“Not great, Bob.”
Pete Campbell (Vincent Kartheiser) made a three-syllable case for his character in Mad Men‘s Season 6 finale, three words that rapidly took on a life of their own beyond the show. “Not great, Bob” requires absolutely no context to be enjoyed. I was today years old when I learned that Pete says it after learning his mother has died, and only through ~journalistic research~ did I find out that Bob himself is James Wolk. [Editor’s note: Watch Mad Men!]
“Surprise, bitch. Thought you’d seen the last of me?”
Whether you fell off American Horror Story after Season 1 or know every backstory and detail of Ryan Murphy’s sprawling gory anthology, you’ve stumbled across a “Surprise, bitch” online or in the wild. The line — uttered by Emma Roberts’ Madison Montgomery when she appears to have risen from the dead — is applicable to literally any situation in which one party is surprised and the other is extremely smug.
“I am the captain now”
If you’ve actually seen Captain Phillips, then good on you for doing the extra research into exactly when and how to use this quote. The rest of us will coast on our trailer knowledge alone and happily quote this whenever our bosses temporarily leave us in charge.
“You know nothing, Jon Snow.”
You’d think this would be a phrase one can only use in conversation with Jon Snow, but it is not! Whenever someone knows nothing, we invoke the former Lord Commander of the Night’s Watch and the only thing he knows. Keeping Jon’s name in there makes the reference explicit, unless you’re committing fully to a strong and convincing Northern English accent. You knuh nothin’, Jon Snuhhh.
We all want to be seen and acknowledged for our actions. We all want to be witnessed. When the war boys in Mad Max: Fury Road spray their mouths with chrome spray paint to get a manic buzz and amp themselves up for what is usually a fiery act of self sacrifice, they yell “witness me,” like we all yell internally when we post on social media.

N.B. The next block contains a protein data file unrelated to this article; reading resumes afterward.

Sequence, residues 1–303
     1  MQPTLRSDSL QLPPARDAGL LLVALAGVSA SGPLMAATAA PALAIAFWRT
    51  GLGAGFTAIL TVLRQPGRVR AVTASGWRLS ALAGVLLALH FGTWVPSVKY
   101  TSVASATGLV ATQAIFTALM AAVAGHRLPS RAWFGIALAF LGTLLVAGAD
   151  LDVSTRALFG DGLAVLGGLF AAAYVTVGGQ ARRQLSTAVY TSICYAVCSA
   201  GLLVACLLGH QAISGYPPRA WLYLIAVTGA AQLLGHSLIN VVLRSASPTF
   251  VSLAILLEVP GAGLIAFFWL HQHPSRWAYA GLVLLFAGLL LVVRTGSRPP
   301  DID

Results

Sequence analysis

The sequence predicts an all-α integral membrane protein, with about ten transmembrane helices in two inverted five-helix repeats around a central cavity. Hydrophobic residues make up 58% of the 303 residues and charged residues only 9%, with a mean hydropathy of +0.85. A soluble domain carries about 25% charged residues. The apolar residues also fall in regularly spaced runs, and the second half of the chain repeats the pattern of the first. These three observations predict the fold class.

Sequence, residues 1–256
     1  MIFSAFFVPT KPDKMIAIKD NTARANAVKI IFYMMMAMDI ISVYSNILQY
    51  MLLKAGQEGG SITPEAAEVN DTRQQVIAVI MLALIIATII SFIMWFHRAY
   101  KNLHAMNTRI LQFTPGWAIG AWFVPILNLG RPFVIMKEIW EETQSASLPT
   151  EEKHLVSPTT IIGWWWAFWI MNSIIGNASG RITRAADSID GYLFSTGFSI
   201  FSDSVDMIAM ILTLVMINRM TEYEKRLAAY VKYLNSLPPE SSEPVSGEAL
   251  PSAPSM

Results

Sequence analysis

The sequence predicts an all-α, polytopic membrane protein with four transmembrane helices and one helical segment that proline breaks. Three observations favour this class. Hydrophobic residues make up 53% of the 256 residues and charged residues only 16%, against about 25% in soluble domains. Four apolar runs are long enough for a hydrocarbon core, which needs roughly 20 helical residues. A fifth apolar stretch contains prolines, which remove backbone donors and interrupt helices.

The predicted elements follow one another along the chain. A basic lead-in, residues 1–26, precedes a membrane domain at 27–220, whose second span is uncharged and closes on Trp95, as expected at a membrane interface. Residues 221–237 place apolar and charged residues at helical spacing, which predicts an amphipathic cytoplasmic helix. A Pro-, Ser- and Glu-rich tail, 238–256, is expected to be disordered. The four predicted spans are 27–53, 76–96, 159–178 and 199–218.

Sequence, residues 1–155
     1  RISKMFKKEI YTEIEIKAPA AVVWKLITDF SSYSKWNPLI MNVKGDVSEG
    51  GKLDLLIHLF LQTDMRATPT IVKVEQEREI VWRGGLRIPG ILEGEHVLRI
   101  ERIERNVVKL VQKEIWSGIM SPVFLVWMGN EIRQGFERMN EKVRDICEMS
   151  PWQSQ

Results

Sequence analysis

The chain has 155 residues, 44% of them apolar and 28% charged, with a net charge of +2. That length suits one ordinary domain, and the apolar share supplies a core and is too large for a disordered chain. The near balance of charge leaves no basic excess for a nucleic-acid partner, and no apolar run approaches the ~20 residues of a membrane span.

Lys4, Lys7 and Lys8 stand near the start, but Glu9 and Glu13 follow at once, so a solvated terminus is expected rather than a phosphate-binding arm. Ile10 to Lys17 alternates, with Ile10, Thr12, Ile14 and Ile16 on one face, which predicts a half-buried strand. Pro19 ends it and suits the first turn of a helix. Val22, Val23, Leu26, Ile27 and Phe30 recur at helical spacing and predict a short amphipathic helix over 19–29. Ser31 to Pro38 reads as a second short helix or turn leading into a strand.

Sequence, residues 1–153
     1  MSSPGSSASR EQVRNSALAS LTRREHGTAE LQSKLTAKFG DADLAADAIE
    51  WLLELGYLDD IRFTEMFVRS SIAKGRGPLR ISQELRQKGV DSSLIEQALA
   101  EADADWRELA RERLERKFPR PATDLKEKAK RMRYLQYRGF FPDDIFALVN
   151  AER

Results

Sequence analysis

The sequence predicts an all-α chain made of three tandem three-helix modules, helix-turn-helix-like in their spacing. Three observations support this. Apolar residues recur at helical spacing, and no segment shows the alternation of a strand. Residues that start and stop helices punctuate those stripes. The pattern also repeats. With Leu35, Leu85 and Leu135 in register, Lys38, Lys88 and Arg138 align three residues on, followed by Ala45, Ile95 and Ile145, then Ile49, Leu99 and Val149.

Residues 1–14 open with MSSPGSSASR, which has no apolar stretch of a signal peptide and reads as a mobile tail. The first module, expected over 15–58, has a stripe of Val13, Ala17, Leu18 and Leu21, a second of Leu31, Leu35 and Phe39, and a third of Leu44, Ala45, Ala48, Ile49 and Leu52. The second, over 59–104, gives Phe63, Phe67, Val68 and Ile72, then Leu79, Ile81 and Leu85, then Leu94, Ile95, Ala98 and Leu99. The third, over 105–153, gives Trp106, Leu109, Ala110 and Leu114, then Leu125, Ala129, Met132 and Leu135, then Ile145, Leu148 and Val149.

Within House of Cards itself, Claire’s (Robin Wright) first time breaking the fourth wall was an immense gamechanger. In the months that followed, the #MeToo movement swelled in and out of Hollywood, including allegations of sexual harassment and misconduct leveled at House of Cards star Kevin Spacey himself. Netflix acted quickly; Frank Underwood was out, and Claire was in, making it quite literally Robin Wright’s turn at the top of the show’s billing before its seventh and final season. “My turn” became a rallying cry for victims sharing their stories and the oppressed taking back power after years of losing it to corrupt forces.
“Under his eye”
It’s dark as hell to invoke a hyperpatriarchal dystopia, but the last few years of this decade have given us sufficient occasion to feel like we were hurtling towards an autocratic nightmare — and under his eye, of all eyes.
“That’s hella tight”
Lady Bird began the inevitable wave of early-2000s nostalgia. While Timothee Chalamet’s Kyle is a fuckboy who transcends any time period, he lures in Lady Bird (Saoirse Ronan) when they first meet by reading a book and respecting her rebellious streak with this extremely 2002 phrase.
“How come, Chief Willoughby”
This quote from Three Billboards Outside Ebbing, Missouri has the darkest origin story on this list, but it’s yet another that grew salient outside the film itself. In Three Billboards, this is the text on the final billboard; an appeal for justice from grieving mother Mildred (Frances McDormand) for the rape and murder of her daughter. On the internet, the joke comes from seeking justice from entirely non-serious crimes, like how Saturday Night Live never gave our New York team tickets to see Phoebe Waller-Bridge and Taylor Swift on the show. How come, Chief Willoughby?
Kellen Beck contributed to this article.